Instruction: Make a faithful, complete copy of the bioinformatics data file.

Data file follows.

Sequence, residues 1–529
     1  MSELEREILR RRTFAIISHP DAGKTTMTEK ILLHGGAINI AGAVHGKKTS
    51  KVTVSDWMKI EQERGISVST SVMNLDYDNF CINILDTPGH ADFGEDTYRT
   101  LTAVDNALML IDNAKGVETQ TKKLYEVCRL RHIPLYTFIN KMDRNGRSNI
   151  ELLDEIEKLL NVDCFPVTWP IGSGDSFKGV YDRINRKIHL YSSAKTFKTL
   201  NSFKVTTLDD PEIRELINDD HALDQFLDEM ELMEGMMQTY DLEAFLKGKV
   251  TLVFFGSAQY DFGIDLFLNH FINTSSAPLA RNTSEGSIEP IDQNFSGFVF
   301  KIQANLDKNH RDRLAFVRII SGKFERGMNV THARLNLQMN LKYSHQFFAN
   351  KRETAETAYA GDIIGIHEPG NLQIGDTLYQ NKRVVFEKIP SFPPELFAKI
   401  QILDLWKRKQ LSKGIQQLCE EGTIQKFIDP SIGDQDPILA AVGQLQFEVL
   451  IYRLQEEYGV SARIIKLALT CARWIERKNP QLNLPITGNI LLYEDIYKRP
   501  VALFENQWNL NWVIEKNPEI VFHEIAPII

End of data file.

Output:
Sequence, residues 1–529
     1  MSELEREILR RRTFAIISHP DAGKTTMTEK ILLHGGAINI AGAVHGKKTS
    51  KVTVSDWMKI EQERGISVST SVMNLDYDNF CINILDTPGH ADFGEDTYRT
   101  LTAVDNALML IDNAKGVETQ TKKLYEVCRL RHIPLYTFIN KMDRNGRSNI
   151  ELLDEIEKLL NVDCFPVTWP IGSGDSFKGV YDRINRKIHL YSSAKTFKTL
   201  NSFKVTTLDD PEIRELINDD HALDQFLDEM ELMEGMMQTY DLEAFLKGKV
   251  TLVFFGSAQY DFGIDLFLNH FINTSSAPLA RNTSEGSIEP IDQNFSGFVF
   301  KIQANLDKNH RDRLAFVRII SGKFERGMNV THARLNLQMN LKYSHQFFAN
   351  KRETAETAYA GDIIGIHEPG NLQIGDTLYQ NKRVVFEKIP SFPPELFAKI
   401  QILDLWKRKQ LSKGIQQLCE EGTIQKFIDP SIGDQDPILA AVGQLQFEVL
   451  IYRLQEEYGV SARIIKLALT CARWIERKNP QLNLPITGNI LLYEDIYKRP
   501  VALFENQWNL NWVIEKNPEI VFHEIAPII